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Antonia Reed
Antonia Reed

Antonia Reed (MA Creative Writing, Birkbeck 2013) is a London-based writer and actor. Her work has been published in various anthologies and journals, and performed at two theatres.  Her short story, 'On the Rocks' will appear in MIR11. She is currently writing her first novel. Find more @_Antonia_Reed.


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In Defence of Zombies: Warm Bodies Review


Warm Bodies is Isaac Marion’s debut novel, and a film adaptation has just been released by Jonathan Levine. Both take the challenge of supernatural romance to its limit, presenting us with a hero without natural charm, attractiveness or romantic literary association: a zombie. 

 

What makes the novel more unusual still is that the narrative comes from the perspective of the non-human protagonist. ‘I’m dead, but it’s not so bad… I’m sorry I can’t properly introduce myself, but I don’t have a name anymore… Mine might have started with an ‘R’, but that’s all I have now.’ At first, R’s internal monologue is relatively emotionless, but a sense of loss and pathos are present from the outset. The sensibilities presented subvert any prejudices the reader might have of the aggressive groans and deadened minds of the Dead.

 

The novel and film begin in the same way. Following some form of apocalypse, the Living hide within a few city strongholds and the Dead wander aimlessly or, like R and many others, congregate within an abandoned airport.

 

R’s hunting party fall upon a group of teenage salvagers. R kills a boy called Perry and, as he is eating his brain, he is filled not just with the life-force he needs to keep ‘living’, but with Perry’s memories. Within these are snippets of Julie, Perry’s girlfriend, who happens to be one of the salvagers. R absorbs the love the memory-Perry has for Julie and, recognising her huddled in a corner, fights his instinct to devour her. Coating her instead with a rich helping of his own blood, R disguises her enough to take her back to the airport, where he conceals her in the plane he has turned into a makeshift home. Through their interactions over the following days, Julie sees there is an underlying humanity trying to break out of his rotting shell. Conversely, R starts to feel more alive.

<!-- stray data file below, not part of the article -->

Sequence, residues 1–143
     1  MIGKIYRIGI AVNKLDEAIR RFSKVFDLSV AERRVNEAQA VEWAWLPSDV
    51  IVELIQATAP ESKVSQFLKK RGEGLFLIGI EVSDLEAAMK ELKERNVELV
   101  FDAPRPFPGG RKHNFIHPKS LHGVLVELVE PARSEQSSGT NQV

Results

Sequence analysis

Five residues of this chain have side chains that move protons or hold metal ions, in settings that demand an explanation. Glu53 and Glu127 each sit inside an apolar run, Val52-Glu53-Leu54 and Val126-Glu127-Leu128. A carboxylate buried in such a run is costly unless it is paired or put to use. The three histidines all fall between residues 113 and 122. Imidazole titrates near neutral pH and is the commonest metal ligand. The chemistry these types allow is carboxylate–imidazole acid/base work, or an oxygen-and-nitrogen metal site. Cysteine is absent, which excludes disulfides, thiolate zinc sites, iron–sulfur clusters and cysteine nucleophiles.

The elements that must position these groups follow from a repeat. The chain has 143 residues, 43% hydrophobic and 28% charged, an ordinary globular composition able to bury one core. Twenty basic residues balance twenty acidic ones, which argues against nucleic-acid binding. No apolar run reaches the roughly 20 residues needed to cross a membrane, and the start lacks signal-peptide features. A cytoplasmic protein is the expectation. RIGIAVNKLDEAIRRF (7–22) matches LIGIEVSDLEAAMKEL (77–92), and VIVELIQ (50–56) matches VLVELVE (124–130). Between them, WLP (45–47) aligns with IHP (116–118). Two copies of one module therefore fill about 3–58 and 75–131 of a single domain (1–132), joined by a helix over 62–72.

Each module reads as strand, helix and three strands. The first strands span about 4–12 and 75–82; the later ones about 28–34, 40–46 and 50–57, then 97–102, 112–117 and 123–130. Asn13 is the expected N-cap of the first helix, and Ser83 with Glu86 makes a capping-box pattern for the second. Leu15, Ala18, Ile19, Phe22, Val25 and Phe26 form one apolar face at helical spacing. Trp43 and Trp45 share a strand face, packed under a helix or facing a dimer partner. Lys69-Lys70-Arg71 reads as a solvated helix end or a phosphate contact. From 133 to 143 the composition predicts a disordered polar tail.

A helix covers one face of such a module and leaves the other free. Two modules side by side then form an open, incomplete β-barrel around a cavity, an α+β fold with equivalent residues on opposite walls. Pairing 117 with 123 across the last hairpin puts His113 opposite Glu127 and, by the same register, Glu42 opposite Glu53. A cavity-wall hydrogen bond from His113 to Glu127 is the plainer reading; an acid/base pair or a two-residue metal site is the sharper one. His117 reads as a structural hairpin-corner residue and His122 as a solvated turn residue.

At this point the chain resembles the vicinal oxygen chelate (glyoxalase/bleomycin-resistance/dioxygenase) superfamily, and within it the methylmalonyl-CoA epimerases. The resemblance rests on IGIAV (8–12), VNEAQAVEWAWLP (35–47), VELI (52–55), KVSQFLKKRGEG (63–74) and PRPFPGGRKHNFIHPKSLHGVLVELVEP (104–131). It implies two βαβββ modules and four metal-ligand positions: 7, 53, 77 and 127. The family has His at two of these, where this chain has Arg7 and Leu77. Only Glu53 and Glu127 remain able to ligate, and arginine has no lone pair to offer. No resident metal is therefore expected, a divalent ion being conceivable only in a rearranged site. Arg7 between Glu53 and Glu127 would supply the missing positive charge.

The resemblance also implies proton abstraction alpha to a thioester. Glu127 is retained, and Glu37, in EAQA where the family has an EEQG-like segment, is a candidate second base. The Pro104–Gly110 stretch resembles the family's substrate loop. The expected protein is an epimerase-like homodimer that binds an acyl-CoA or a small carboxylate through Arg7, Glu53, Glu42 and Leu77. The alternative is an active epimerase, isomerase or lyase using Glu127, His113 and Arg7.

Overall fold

Despite his eloquent thoughts, what R is able to say is very limited. Conversation with Julie frustrates him, as he has to make do with the most basic expressions, mime and playing particular lines of LPs to get his meaning across. The result is some very touching scenes in which Marion plays the boundaries of the disturbing, sweet and surreal, without giving in to cliché. In fact, Julie calls R a ‘cornball’ for quoting Frank Sinatra, just to remind us not to take this romance stuff too seriously.

 

Alienation and non-communication are ongoing themes in the book. The film cleverly picks up on these in the opening scene, despite generally glossing over the novel’s brutality and seriousness. R’s opening voiceover asks, ‘Why can’t I connect?’ After a quick joke that ‘it’s because I’m dead’, he begins to muse.  ‘It must have been so much better before, when everyone could express themselves, and communicate their feelings and just… enjoy each other’s company.’ The camera however pans back to how the airport was before the plague. No-one is talking to each other. Adults are texting or shouting into phones, teenagers listen to ipods and children walk about playing virtual games. The irony pulls the necessary punch.